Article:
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Western Cape house price growth slows, remains ahead inflation

western-cape-and-camps-bayThe Western Cape’s Q4 2016 year-on-year average house price growth was 8%, according to FNB House Price Indices. The country’s star performer has slowed for three consecutive quarters from a 10-year high of 10.6% reached in Q1 2016.

“It is likely that, after a recent period of very strong house price growth in the Western Cape, a mounting affordability challenge in the region, especially for aspirant first-time buyers, has started to put some brakes on demand growth,” said John Loos, FNB’s household and property sector strategist. “Since the beginning of 2010 (the start of the post-2008/09 recession recovery), the average house price for the Western Cape has risen cumulatively by 76.6%. By comparison, the next strongest growth was in KwaZulu-Natal, with a far more moderate 45.3% and Gauteng with 41.3% over the same period.”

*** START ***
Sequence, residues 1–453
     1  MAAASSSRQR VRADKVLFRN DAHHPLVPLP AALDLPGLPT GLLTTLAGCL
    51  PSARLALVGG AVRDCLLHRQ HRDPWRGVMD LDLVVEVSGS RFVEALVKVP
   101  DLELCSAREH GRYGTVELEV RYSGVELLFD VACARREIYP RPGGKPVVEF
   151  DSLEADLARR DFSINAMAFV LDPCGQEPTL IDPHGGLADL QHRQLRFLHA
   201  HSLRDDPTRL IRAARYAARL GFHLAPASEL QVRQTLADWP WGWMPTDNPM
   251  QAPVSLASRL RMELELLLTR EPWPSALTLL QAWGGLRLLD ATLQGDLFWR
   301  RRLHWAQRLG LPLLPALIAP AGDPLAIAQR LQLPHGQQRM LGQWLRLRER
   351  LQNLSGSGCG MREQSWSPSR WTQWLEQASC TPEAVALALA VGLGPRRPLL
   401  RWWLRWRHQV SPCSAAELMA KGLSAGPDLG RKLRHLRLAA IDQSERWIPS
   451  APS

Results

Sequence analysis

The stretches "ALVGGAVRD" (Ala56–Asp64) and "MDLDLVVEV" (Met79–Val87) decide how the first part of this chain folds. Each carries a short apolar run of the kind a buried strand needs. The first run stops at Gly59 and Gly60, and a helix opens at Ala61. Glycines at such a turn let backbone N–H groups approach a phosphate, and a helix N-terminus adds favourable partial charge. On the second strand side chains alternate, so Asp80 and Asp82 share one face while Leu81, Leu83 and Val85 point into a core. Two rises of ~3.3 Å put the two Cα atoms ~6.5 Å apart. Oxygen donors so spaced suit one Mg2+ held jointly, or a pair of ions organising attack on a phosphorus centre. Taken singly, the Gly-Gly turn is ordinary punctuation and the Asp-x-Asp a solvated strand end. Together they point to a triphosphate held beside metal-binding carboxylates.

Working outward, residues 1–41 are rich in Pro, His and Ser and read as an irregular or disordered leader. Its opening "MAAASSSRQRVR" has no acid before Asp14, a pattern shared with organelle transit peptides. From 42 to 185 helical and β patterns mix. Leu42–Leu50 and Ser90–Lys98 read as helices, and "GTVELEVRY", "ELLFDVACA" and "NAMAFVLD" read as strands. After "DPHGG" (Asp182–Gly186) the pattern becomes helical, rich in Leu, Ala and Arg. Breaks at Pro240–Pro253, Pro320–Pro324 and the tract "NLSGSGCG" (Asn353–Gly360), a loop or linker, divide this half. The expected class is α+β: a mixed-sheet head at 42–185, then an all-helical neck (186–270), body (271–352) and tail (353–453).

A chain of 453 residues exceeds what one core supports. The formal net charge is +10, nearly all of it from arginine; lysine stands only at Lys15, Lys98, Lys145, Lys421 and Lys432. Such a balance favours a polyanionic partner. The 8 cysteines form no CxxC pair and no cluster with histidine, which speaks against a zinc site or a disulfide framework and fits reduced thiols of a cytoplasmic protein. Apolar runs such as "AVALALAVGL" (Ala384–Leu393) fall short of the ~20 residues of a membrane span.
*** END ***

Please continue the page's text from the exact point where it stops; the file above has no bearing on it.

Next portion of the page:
The Western Cape remains the most expensive major region by far, with an average estimated house price of R1,411m, the next most expensive region being Gauteng with an average price of R1,042m.

If the Cape calls in sick, is the rest of SA growing negatively?

“At the other end of the average house price growth scale, the Eastern Cape is the weakest with year-on-year decline of -2.9% as at Q4 2016, while KwaZulu-Natal and Gauteng registered low positive growth of 1% and 1.2%, respectively,” said Loos. “The FNB House Price Index for the five smaller provinces, too, showed only 1.2% year-on-year growth in Q4 2016.”


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